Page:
Cervical spine MRI (magnetic resonance imaging) is a useful tool when people have symptoms such as neck pain or numbness in their arms. It can detect a variety of medical conditions including bulging discs, herniated discs, tumors, aneurysms, and some autoimmune disorders. Unlike an X-ray or CT scan, it poses no radiation risk.
Here, we’ll discuss cervical spine anatomy, how a cervical MRI works, and what to expect on the day of your scan. We’ll also go over common symptoms and signs of certain cervical spine problems and what a cervical spine MRI can detect.
The spine is an important structure in our body that’s responsible for our overall mobility. It also contains and protects the spinal cord, which functions as a complex bundle of nervous cells that help send and receive signals to and from the rest of our body.
The spine is made up of 33 vertebrae, seven of which make up the cervical, or neck area. In between the vertebrae are discs, which serve a shock-absorbing function. Supportive tissues, including ligaments and tendons, help keep the vertebrae in place.
Eight cervical nerves branch out from the spinal cord to supply senses, such as touch and vibration, as well as control movement of the neck and upper arm. The cervical spine is an intricate area that, if affected, can end up leading to many different symptoms. This is where the importance of cervical spine MRI comes in.
A cervical MRI scan is a medical imaging test that generates pictures of the cervical, or neck region. It not only produces high-quality images of the cervical spinal bones, but of the surrounding neck soft tissues.
Unlike X-rays or computed tomography (CT) scans, an MRI uses a strong magnetic field and radio waves to create pictures on a computer without the risk of any radiation exposure. When your healthcare provider is planning on ordering a cervical spine MRI for you, they may use the term “cervical” or “neck” interchangeably.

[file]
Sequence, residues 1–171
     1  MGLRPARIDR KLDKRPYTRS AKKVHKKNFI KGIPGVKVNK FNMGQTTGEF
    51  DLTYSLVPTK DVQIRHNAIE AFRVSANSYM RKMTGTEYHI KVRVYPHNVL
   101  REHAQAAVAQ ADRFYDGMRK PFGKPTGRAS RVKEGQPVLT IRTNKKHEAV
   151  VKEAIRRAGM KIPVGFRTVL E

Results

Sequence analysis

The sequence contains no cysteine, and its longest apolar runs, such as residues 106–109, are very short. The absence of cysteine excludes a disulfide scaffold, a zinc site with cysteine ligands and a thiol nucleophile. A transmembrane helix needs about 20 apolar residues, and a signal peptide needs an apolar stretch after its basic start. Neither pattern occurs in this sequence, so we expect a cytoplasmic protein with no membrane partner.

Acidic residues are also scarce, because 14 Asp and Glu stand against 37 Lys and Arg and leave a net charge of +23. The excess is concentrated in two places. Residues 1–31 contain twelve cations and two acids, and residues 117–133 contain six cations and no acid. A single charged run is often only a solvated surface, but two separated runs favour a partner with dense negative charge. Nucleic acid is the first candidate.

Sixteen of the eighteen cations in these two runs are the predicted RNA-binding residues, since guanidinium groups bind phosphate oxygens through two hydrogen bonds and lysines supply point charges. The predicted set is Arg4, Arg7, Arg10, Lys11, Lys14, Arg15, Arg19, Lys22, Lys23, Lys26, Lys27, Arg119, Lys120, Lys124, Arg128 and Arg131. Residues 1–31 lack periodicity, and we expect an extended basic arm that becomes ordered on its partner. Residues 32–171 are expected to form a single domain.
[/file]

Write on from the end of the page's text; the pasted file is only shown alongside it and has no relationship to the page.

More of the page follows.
An MRI of the cervical spine can detect many different medical conditions of the cervical spine. Keep in mind that many of these conditions can also be found in other areas of the spine like the thoracic and lumbar regions (in which case you could get a lumbar spine MRI).
Some conditions that a cervical MRI can detect include:
MRI tests are generally very safe. They not only avoid the risk of being exposed to radiation, but they also pose very little risk of any side effects. However, in people with a history of kidney disease, it’s recommended to have a plan with your healthcare provider in case the use of intravenous (IV) contrast is needed. If IV contrast is necessary to help your provider detect certain conditions, keep in mind that very rarely people can have an allergic reaction to gadolinium (the contrast dye).
There’s little planning needed from you on the day of your cervical spine MRI. Most of the time, you don’t have to stop eating and drinking beforehand compared to other types of scans and tests.